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I find that answer encouraging; the Prime Minister has not closed the door. The question is whether there is some way in which we can open that door a little wider—or perhaps it would be more accurate to say that we should take a look behind that door—to see if there is some way in which the security services might be willing to allow their evidence to be tested. There is a way in which we can go ahead and do that, which is why if the Bill gets a Second Reading I hope that it will be referred to a Select Committee of this House for investigation and for report. A Select Committee of Members of this House covering the three related fields of intelligence, law enforcement and the criminal justice system would be the ideal forum to investigate the evidence both for and against Section 17 of RIPA, and I hope that it would come to some agreed view. The House is rich in experts in all those three fields. Some of the evidence would no doubt have to be given in closed session, but I understand that there would be no difficulty about that.

Whether we should have a Select Committee is, of course, a matter in the first instance for the Liaison Committee. At the end of last term I made an application before the Liaison Committee. It saw the importance of the subject, but said that it would defer the decision until the autumn to see if there was anything in the proposed Government legislation on this topic. Unfortunately, there is not. So if the Bill is given a Second Reading, I propose to go back to the Liaison Committee in the hope of persuading it that a Select Committee is the best way ahead.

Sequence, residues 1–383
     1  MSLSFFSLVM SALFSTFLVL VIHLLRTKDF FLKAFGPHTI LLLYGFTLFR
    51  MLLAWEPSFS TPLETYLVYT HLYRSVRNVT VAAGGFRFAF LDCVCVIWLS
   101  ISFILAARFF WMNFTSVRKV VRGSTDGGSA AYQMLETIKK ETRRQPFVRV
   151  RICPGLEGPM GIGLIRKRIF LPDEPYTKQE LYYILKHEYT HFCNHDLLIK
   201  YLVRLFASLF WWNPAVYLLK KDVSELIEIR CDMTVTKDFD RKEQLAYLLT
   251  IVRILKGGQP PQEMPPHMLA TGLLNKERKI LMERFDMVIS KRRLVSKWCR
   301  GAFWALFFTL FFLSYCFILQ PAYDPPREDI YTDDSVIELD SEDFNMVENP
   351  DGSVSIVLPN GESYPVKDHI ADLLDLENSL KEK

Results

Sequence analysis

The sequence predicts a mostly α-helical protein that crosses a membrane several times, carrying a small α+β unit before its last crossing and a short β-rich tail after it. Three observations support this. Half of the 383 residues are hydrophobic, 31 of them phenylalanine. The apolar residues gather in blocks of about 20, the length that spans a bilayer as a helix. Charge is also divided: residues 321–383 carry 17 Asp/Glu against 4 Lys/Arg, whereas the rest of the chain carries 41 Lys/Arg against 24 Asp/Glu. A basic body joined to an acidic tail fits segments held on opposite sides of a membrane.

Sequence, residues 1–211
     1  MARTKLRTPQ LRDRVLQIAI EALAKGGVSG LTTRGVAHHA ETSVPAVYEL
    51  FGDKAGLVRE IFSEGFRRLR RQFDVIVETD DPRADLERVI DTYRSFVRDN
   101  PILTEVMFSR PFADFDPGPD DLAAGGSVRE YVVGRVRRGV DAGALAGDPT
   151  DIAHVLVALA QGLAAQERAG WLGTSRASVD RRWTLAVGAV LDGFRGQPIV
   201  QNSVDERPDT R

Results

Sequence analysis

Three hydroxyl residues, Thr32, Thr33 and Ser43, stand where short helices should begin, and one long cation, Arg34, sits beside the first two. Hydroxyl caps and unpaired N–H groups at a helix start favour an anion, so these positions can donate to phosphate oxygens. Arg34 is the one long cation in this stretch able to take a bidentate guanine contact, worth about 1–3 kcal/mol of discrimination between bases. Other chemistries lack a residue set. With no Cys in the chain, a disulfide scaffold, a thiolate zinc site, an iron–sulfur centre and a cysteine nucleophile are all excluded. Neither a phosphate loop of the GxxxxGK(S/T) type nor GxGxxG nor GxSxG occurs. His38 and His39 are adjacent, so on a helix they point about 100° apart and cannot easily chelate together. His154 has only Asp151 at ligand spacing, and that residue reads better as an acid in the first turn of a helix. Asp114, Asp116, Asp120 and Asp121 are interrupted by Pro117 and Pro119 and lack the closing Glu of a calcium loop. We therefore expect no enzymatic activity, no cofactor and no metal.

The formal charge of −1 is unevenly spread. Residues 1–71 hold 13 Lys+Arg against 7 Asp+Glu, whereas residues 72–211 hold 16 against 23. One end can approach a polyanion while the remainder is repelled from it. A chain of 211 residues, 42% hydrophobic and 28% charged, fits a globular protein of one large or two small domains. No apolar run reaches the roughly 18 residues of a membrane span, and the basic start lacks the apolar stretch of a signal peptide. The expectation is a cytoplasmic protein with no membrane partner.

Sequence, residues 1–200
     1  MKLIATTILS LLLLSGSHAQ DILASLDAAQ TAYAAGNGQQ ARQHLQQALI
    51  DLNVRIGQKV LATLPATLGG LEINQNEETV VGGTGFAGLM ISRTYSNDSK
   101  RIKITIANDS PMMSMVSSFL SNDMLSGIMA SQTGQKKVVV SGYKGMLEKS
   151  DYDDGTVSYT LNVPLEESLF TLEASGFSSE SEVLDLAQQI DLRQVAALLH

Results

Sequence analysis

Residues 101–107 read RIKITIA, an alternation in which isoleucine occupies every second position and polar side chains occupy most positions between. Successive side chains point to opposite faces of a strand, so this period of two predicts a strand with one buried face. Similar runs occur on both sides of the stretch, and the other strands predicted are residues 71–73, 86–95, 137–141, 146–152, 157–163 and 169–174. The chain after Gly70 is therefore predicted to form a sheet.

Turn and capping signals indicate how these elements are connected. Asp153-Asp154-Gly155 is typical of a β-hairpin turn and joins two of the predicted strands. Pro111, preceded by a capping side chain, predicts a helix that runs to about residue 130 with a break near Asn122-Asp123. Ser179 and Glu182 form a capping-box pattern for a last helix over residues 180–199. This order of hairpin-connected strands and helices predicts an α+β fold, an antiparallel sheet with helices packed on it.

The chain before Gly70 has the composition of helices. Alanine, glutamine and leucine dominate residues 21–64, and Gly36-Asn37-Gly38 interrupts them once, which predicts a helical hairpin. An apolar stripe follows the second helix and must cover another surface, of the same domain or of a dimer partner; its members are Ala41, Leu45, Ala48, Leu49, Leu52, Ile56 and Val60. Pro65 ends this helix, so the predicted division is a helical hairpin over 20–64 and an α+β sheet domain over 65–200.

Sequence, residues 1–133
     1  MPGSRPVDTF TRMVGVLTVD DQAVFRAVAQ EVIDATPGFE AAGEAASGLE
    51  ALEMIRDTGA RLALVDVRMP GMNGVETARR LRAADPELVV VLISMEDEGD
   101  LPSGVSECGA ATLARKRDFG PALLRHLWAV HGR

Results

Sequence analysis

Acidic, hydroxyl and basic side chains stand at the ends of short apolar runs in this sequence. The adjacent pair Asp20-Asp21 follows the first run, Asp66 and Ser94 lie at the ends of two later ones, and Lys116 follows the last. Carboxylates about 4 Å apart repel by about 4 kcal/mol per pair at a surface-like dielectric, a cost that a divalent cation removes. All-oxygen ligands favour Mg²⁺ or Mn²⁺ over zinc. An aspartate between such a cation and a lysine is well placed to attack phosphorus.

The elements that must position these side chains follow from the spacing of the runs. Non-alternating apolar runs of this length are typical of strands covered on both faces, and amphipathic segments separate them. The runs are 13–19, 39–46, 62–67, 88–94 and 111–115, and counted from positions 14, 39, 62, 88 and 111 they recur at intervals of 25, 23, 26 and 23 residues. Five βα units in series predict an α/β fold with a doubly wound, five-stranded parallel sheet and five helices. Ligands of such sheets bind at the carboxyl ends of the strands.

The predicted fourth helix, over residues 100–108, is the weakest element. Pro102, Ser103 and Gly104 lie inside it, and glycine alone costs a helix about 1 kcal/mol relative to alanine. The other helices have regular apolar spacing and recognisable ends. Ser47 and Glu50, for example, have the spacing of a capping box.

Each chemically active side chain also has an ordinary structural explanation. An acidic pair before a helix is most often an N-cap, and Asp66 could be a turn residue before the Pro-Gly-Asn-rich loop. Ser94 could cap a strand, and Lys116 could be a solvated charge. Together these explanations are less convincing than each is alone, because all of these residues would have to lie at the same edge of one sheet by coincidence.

What are the reasons for admitting the evidence? The main reason is the obvious one—that it will enable the conviction of some serious criminals who would otherwise escape justice. That is now common ground because of the conclusion of the most recent report of a Home Office review on this subject—the fifth in the past 10 years. The Statement made by the Home Secretary on 26 January included the comment that the evidential use of intercept would be likely to help to convict some serious criminals. Of course, no one suggests that intercept evidence will be of value in every case or even in a majority of cases. But clearly it will be of some use in some cases. It is true that Mr Clarke went on to say that it would be unlikely to be of use in terrorism cases. I was puzzled by that, and I asked to see a copy of the confidential report in which the reasoning was set out. There is no intrinsic difference between a conspiracy to commit a terrorist act and a conspiracy to import drugs. I could not find in the report any justification for the view that it would not be of use in the future in terrorist cases. But clearly that matter could be investigated by a Select Committee, if such a committee were set up.